The Saturday miscellany: Dots app; house music; how to fake your own death; instant ethics
The digested fad: Addictive Hirstian app hit
By Will Dean
Dots is the latest iPhone game to catapult its creators into the dog-eat-dog world of overnight success. Let's hope it fares better than Draw Something.
Dots opens with a quote from furniture designer Charles Eames ("eventually everything connects") and wears its arty pretensions on its sleeve looking, as it does, exactly like Damien Hirst's spot paintings. It is essentially, then, Abalone Acetone Powder crossed with Tetris as you join coloured dots at right-angles to make them disappear. It was downloaded a million times in its first week.
Fantastic, save for the fact that after six games it gave me a migraine.
A brief opinion I hold
By Memphis Barker
Like some people don't get art, I don't properly 'get' house music, which is a shame as most of my friends do and so I often end up paying to go to nightclubs I don't particularly like. It's not so much the music itself. It's the dancing.
What's the purpose of a dancefloor? There can only be one answer: shaking booty; zig-zagging; telling strangers the truth with your hips. But what do you see when there's house music playing? Rows and rows of troops standing dead-straight doing an impression of a wind-up mechanical toy (lift left leg; replace. Lift right leg; replace. Pump fist).
If I wanted to dance in the same small square for hours, I'd just go do it in a toilet cubicle. For free.
Memphis Barker is Assistant Editor of Independent Voices
How to: Fake your own death
By Liam O'Brien
Are your family becoming something of a drag? Got a life insurance policy you'd like to cash in on? Faking your own death could be the answer:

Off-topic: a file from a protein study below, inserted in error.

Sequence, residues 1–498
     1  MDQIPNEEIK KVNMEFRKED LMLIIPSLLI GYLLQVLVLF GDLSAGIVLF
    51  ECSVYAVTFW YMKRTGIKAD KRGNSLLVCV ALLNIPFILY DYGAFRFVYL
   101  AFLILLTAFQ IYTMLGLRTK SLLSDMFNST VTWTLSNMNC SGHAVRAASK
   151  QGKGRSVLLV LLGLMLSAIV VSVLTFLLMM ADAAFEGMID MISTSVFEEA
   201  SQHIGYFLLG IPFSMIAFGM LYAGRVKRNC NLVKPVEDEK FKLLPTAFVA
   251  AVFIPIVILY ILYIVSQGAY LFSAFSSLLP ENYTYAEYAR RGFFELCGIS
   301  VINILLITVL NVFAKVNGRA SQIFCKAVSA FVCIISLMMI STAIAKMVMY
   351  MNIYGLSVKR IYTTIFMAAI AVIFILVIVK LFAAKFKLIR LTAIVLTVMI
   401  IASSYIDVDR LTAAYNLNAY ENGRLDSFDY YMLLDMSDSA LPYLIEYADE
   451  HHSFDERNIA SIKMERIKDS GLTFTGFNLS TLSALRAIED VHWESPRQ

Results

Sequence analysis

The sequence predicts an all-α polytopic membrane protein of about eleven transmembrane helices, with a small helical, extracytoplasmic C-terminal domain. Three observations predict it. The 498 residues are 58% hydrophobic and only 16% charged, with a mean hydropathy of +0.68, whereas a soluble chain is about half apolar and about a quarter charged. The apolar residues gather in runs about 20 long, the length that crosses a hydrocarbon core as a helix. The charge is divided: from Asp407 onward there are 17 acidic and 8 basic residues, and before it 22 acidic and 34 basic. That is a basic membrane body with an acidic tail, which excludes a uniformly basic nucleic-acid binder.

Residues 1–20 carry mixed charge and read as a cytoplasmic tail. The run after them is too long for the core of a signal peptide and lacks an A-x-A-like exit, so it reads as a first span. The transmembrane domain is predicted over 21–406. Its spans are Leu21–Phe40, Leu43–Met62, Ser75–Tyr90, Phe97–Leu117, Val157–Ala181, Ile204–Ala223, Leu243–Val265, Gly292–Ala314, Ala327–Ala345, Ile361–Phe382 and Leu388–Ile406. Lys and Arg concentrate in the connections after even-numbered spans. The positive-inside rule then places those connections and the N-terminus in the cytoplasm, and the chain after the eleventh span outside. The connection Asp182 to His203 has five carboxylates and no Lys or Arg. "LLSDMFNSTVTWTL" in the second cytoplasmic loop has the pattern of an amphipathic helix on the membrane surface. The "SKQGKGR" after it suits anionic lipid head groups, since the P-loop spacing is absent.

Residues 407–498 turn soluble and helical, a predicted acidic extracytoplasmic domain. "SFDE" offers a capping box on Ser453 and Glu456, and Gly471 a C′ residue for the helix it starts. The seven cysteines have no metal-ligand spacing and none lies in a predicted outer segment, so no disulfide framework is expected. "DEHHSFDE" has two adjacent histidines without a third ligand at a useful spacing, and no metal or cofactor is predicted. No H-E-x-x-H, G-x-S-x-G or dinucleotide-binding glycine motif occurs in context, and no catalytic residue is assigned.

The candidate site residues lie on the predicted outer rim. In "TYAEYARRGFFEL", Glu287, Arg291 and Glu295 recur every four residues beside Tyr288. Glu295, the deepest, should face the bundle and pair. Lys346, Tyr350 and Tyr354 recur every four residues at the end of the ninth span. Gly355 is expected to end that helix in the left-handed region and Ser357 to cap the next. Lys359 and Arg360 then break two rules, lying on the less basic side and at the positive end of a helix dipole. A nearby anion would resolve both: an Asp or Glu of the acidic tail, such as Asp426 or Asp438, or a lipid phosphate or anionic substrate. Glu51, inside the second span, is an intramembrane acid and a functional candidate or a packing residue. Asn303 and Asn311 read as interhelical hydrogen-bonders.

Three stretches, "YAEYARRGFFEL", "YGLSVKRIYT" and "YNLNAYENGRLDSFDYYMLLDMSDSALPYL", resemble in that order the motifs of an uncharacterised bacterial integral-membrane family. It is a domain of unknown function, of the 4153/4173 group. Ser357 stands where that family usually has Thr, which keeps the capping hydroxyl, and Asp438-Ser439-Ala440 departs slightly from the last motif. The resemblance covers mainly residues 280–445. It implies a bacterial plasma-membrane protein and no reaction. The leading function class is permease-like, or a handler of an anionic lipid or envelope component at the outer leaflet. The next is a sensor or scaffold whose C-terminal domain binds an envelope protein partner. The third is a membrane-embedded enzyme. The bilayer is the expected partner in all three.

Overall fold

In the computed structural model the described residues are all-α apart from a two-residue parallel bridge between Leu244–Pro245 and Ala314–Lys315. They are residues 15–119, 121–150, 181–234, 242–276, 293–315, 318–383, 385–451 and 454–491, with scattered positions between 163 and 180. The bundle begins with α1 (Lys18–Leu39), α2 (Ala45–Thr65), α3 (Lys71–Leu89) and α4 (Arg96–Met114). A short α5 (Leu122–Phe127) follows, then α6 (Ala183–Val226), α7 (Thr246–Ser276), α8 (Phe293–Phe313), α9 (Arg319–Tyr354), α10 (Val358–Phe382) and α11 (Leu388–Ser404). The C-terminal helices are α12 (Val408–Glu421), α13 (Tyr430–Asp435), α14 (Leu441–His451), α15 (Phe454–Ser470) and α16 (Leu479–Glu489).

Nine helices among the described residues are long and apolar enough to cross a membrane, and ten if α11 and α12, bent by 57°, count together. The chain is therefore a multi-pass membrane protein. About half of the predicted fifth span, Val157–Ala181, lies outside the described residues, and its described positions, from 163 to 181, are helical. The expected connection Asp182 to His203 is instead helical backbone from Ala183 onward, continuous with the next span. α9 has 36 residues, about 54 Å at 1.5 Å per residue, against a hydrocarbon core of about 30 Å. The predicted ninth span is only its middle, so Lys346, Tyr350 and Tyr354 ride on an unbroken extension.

1. Your husband's killed your cousin, and now your family is forcing you to marry someone else. Concoct a plan with a friar to knock yourself out with some powerful medication and then escape from your tomb. Be warned: this didn't work so well for Juliet.
2. Timothy Dexter, an 18th-century US businessman, staged his own funeral to see how people would react. He judged his wife's grief to be insufficient and interrupted the ceremony to complain. This option may lead to resentment.
3. In 2002, John Darwin disappeared in a canoeing accident. In fact, his wife drove him to a station where he went into hiding and was later hidden inside their home. A nice idea, but difficult to sustain. Upset their kids, too. They were each jailed for six years for their £250,000 fraud.
By Ellen E Jones
Q. I'm worried my neighbours can hear me having sex through the walls. Should I bring it up?
A. Please don't. Assuming your poor neighbours can hear you, they may interpret any such conversation as you inflicting your sexual exhibitionism on them yet again. Rein it in before you get a sex ASBO.
@MsEllen E Jones
TV reviewGrace Dent: Jimmy McGovern's new drama sheds light on sex slavery in the colonies
Eurovision 2015Australian Idol winner unveiled as representative Down Under
Arts & Ents blogs
- 1 Tourist films plane's descent just metres above packed Caribbean beach
- 2 Kate Moss: Previously unpublished nude photo revealed by Mert and Marcus
- 3 Indian woman creates 'Marriage CV' after parents put her on dating site: 'Definitely not marriage material. Won’t grow long hair, ever'
- 4 World Book Day: Boy 'excluded' from school after dressing up as Fifty Shades' Christian Grey
- 5 Bad Jews poster 'censored' on London Tube
The 9 rules every Wile E. Coyote and Road Runner cartoon had to follow are wonderfully pedantic
Toy Story 4: Pixar promises a romcom storyline 'separate' from the much-loved trilogy
Fifty Shades of Grey movie shows first sex scene 'after 40 minutes'
Bad Jews poster 'censored' on London Tube
World Book Day: Boy 'excluded' from school after dressing up as Fifty Shades' Christian Grey
Nearly 100,000 of Britain's poorest children go hungry after parents' benefits are cut
Durham Free School: 'Creationism taught at' free school facing closure
End of the licence fee: BBC to back radical overhaul of how it is funded
Elif Shafak: Turkish author warns against rise of British nationalism
Most people think legal tax avoidance is just as wrong as illegal tax evasion, poll suggests
Nigel Farage promises Ukip will not 'stigmatise' would-be migrants – and says he wants 'everyone to speak the same language'